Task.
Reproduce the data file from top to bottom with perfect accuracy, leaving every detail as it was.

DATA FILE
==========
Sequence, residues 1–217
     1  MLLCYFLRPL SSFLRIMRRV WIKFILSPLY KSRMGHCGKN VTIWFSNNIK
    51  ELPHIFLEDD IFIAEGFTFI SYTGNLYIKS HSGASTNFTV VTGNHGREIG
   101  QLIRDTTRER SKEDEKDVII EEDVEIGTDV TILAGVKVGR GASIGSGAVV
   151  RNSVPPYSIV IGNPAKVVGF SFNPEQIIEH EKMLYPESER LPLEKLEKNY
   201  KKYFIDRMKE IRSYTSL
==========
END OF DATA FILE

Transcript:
Sequence, residues 1–217
     1  MLLCYFLRPL SSFLRIMRRV WIKFILSPLY KSRMGHCGKN VTIWFSNNIK
    51  ELPHIFLEDD IFIAEGFTFI SYTGNLYIKS HSGASTNFTV VTGNHGREIG
   101  QLIRDTTRER SKEDEKDVII EEDVEIGTDV TILAGVKVGR GASIGSGAVV
   151  RNSVPPYSIV IGNPAKVVGF SFNPEQIIEH EKMLYPESER LPLEKLEKNY
   201  KKYFIDRMKE IRSYTSL